Some of the steeper sections of Breathless are only rideable one direction. For me, there are four sections that I can not pedal up and I consider hike-a-bike sections. On the way out, there are three sections that you are required to push and they are lumped quite close together: the climb just before the bench, going up the switchback just after the bench, and the last climb before the meadow. On the way back, the only section I would consider a requirement to push would be going up the switchbacks before the climb back to the meadow.  With how steep many of the sections of this trail are, I would not recommend trying to ride it if conditions are not dry or tacky.  You definitely require maximum traction and if conditions are muddy or snowy I don't think this trail can be safely navigated.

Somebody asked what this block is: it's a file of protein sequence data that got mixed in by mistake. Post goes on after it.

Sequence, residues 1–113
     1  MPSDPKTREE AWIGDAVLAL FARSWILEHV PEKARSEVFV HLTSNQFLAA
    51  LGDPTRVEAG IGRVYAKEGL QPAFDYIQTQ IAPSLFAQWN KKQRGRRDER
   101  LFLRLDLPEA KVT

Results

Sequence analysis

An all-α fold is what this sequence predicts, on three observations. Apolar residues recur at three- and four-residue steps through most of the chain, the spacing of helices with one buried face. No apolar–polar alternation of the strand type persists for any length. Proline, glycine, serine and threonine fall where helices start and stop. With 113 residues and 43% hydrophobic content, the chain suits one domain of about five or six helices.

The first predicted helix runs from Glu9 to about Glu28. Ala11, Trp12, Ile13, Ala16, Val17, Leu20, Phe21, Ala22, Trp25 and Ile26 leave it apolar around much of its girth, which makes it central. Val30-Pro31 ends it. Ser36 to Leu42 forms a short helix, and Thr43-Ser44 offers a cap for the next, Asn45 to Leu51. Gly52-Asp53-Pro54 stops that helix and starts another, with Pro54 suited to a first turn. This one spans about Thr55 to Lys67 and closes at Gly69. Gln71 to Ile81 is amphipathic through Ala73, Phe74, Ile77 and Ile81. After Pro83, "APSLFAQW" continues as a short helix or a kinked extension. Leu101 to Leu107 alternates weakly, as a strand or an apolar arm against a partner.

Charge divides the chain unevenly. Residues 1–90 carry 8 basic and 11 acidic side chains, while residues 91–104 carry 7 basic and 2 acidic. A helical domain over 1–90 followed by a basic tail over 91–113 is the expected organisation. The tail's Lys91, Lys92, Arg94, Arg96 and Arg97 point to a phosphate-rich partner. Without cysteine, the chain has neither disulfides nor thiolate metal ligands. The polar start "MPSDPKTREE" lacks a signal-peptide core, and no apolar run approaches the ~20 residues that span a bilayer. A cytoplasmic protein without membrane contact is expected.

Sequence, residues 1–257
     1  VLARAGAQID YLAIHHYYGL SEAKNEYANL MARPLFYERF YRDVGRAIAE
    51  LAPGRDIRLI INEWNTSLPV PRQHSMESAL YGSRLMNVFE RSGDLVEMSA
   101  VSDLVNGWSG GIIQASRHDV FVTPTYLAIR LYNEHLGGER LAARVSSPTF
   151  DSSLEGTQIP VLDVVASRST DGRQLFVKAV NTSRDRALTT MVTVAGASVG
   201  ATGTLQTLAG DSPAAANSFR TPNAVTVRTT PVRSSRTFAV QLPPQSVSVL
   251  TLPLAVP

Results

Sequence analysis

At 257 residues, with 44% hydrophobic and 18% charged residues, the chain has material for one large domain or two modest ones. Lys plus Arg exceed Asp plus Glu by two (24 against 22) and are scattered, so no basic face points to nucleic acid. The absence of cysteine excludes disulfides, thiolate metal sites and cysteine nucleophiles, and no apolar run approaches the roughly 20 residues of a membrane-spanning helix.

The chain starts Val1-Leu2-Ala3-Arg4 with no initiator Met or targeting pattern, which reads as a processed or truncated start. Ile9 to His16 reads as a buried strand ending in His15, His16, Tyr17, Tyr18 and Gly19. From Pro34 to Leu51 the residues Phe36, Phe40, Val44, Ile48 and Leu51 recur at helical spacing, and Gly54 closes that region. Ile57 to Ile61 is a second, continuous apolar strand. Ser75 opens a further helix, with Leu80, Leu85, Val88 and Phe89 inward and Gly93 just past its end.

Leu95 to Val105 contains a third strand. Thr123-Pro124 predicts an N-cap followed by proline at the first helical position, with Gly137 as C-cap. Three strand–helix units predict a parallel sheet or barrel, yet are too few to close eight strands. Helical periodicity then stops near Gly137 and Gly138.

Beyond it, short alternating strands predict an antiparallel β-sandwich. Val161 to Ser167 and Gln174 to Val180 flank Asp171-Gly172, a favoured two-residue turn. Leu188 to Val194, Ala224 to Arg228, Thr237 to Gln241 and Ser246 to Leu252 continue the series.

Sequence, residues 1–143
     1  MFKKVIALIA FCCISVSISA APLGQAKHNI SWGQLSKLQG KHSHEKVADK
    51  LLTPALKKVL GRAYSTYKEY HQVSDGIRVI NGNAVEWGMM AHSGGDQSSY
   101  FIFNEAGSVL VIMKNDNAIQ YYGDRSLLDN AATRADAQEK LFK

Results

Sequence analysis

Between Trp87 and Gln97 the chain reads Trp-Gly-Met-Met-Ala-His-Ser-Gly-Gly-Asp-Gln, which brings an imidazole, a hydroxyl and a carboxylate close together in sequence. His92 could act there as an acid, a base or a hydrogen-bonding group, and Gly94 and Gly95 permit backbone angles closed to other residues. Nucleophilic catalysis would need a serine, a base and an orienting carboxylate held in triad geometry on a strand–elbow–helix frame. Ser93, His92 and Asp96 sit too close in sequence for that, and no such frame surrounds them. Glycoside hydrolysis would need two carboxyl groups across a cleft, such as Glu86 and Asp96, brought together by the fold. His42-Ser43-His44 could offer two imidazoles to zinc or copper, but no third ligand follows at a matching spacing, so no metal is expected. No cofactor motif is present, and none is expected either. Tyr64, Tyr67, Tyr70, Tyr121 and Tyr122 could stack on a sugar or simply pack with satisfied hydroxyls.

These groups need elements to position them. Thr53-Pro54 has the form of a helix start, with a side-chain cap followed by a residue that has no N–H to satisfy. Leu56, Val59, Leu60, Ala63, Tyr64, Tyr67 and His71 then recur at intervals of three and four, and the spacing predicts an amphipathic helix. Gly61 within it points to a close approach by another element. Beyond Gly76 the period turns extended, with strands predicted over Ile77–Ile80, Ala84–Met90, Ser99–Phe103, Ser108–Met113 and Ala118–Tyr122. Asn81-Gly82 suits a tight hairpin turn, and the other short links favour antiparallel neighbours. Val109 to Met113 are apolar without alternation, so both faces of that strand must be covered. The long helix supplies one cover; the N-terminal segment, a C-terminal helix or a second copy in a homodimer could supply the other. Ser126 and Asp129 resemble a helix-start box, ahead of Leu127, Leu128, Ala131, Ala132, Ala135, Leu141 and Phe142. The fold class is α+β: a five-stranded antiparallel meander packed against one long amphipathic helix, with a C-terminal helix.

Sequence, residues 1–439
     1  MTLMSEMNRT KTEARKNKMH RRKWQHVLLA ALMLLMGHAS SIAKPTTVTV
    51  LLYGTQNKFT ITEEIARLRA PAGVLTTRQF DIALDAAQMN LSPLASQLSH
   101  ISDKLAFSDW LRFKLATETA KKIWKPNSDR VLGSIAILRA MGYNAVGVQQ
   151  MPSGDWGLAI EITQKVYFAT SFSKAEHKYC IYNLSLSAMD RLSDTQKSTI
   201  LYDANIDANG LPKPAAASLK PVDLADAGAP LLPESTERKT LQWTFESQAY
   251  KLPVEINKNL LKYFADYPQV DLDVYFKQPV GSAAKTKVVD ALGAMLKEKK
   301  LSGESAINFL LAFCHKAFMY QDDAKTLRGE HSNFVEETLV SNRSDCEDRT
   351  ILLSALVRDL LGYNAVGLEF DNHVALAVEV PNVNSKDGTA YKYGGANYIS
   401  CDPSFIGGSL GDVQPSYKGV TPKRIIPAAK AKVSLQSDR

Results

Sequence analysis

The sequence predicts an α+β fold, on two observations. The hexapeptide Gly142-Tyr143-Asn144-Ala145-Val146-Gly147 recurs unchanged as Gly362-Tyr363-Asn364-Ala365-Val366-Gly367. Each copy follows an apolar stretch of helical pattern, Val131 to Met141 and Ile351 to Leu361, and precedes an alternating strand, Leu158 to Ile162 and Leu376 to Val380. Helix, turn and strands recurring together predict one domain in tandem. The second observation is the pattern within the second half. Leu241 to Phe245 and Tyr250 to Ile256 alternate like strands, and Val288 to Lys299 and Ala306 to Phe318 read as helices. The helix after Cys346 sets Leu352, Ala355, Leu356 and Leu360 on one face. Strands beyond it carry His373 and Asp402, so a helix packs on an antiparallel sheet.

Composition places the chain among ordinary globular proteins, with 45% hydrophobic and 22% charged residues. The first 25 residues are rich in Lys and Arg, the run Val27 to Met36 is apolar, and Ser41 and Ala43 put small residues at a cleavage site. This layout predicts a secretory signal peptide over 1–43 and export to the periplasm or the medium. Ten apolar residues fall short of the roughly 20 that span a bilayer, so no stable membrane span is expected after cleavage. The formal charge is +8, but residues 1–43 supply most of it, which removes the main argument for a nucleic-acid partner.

If you are a fan of gravity, the hike-a-bike sections I mentioned are most appealing when pointing your front wheel down. All 4 of those sections all have at least one tight turn in them so be sure to keep your speed in check. If you are the kind of rider who enjoys cranking up the speed and maintaining a fast pace, you may not enjoy this trail. There are very few places where you can pick up much speed, and nowhere that you can maintain momentum. The trail is full of twists and turns with short power climbs lurking around every corner. This trail really works on your low speed bike handling skills as well as your anaerobic climbing. If you aren't used to doing lots of power climbs in your ride, by the time you make your way out-and-back you will know why it was named Breathless.

Friday, November 12, 2010


Welcome to those of you who have stumbled their way to my blog! I have blogged on an off for the past 5 years but I never had a purpose other than to dump whatever was on my mind.  I was never consistent with posting, sometimes posting several 'articles' a week then going up to 6 months with nothing.  Hopefully this attempt will be a bit more successful as far as consistency is concerned.